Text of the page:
How a shutter works

The shutter in a Digital Single Lens Reflex (DSLR) camera is sort of the gatekeeper that allows light through to the camera’s sensor and, along with the lens’ aperture and the ISO (the camera’s light sensitivity) creates and exposure. A fast shutter speed can freeze and Olympic athlete in his or her tracks while a slow one can capture the wonders of the heavens in the night sky. One can think of the shutter mechanism as a simple door that opens and closes but it’s a much more complicated piece of machinery.

When you look through the viewfinder of a DSLR camera you are see an image that comes directly through the lens. In other words you’re seeing what the camera is seeing.

To be able to do that and also be able to take a picture, light comes through the lens then is reflected off an angled mirror upwards into the pentaprism, that bulge or hump at the top of the camera where the viewfinder resides. The light is refracted through the pentaprism and out the eyepiece.

When the shutter button is pressed to take a picture a whole set of machinations is set into motion. First the mirror is drawn up and out of the way and at the same time (in some models) a support that the mirror rests on at the bottom flops downward. The shutter is actually consists of two, bladed “curtains” usually made of thin, high-strength metal (or in the case of the more expensive models carbon fiber). The front curtain drops open to expose the camera’s sensor then the second curtain drops down to end the exposure. The mirror drops down and it support pops back up and the shutters reset for the next shot. (Back in the old film days you had the added step of the film being transported frame by frame with each shot as well). When all this happens the viewfinder is momentarily blacked out as the camera takes the picture.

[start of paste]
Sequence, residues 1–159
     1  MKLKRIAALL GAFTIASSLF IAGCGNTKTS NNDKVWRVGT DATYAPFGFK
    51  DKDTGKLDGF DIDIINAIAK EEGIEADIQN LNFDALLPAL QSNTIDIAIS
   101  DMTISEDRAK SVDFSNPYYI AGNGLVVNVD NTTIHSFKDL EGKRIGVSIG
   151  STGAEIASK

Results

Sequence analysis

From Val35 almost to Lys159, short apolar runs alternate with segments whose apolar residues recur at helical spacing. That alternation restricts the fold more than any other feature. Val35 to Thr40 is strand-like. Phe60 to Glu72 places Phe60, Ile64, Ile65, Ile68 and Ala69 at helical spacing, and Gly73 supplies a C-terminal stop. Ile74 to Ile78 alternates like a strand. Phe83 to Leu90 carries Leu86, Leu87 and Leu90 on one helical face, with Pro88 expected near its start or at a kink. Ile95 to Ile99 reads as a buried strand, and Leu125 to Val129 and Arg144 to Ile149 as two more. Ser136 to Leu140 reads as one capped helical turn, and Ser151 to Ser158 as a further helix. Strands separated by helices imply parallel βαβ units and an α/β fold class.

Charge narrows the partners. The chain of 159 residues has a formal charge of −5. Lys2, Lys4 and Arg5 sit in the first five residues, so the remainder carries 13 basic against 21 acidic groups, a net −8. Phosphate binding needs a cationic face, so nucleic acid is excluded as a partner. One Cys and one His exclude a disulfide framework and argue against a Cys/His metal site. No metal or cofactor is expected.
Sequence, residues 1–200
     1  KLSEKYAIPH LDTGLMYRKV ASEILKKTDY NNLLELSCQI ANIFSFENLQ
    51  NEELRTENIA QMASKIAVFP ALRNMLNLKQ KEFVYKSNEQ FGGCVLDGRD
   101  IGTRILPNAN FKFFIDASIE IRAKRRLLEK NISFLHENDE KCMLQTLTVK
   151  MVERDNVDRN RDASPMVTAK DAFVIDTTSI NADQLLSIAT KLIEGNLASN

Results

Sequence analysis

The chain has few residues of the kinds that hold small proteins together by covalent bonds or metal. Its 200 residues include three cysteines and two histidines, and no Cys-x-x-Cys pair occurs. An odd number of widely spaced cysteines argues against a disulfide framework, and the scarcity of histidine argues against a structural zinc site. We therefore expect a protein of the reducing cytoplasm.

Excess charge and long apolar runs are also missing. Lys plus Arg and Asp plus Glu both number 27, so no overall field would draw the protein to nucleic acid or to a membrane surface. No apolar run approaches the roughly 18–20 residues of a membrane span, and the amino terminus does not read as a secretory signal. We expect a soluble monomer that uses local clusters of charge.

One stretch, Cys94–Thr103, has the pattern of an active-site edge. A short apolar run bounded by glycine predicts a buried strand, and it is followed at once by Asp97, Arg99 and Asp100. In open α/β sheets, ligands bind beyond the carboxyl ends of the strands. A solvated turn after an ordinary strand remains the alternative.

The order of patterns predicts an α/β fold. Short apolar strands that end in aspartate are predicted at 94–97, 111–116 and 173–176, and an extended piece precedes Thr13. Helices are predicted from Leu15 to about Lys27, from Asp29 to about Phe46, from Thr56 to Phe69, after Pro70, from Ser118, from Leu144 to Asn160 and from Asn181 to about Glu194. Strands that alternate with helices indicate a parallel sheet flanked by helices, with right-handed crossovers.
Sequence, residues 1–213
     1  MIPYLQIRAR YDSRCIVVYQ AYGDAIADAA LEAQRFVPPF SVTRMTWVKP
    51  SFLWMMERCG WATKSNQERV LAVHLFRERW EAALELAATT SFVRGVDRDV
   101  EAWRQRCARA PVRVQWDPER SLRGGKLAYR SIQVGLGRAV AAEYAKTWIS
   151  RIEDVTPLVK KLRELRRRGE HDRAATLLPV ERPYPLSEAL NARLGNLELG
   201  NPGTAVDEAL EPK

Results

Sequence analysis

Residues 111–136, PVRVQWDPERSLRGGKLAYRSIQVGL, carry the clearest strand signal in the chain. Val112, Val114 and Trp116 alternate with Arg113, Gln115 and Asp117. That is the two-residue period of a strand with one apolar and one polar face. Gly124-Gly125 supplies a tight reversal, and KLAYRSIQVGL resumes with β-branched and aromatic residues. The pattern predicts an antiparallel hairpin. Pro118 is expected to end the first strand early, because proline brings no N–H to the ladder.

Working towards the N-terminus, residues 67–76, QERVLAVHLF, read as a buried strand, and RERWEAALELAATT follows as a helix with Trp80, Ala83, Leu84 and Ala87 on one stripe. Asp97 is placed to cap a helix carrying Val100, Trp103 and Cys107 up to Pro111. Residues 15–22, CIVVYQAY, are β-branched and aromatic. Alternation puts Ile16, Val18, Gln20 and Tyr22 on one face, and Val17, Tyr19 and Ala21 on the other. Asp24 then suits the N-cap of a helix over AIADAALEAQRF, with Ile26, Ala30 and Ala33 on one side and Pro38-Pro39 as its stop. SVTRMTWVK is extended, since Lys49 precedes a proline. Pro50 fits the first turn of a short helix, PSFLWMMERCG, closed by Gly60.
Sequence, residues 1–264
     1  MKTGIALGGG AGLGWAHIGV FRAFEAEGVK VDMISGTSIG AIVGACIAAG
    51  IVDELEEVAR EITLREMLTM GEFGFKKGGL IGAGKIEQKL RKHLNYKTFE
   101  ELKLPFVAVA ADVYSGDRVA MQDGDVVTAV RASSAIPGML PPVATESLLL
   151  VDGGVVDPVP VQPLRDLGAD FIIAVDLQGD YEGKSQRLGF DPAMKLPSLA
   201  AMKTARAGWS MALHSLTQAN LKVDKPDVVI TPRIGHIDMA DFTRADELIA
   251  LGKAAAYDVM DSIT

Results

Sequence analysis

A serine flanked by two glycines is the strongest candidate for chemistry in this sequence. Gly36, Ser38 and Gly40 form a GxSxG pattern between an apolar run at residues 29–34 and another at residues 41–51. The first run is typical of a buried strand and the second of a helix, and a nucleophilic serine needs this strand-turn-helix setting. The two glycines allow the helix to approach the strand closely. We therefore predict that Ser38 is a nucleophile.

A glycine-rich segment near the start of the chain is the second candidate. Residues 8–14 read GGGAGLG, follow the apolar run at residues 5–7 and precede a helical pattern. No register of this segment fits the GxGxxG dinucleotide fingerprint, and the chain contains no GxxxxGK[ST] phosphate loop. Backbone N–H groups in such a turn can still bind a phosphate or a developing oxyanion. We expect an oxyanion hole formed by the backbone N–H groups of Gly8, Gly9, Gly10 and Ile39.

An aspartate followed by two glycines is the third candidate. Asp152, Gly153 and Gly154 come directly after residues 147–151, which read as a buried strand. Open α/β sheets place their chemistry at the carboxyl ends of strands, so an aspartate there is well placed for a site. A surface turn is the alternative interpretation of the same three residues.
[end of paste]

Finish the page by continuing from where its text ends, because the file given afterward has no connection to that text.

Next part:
( Here’s a YouTube video of a Nikon D4 DSLR camera shutter/mirror assembly in slow-motion action by Chad Westover)

If you think that this sounds pretty complicated there’s yet more. Consider this: It all happens in a fraction of a second. Additionally, most cameras shoot in some kind of burst mode. Low end DSLRs shoot around 3 to 4 frames per second (fps). Mid level cameras top out at around 5 to 6 fps. Nikon’s top-of-the-line D4 does a blazing 10-fps and Canon’s 1Dx does an astounding 12-fps (it can go even faster – 14 fps – in a special mode). All these cameras have been tested at hundreds of thousands of actuations (Both the D4 and the 1Dx have been rated at 400,000 cycles).

Today’s cameras are basically mini computers and as such are very sophisticated electronic devices. But even in this age of digital wonders they are still incredible machines as well.

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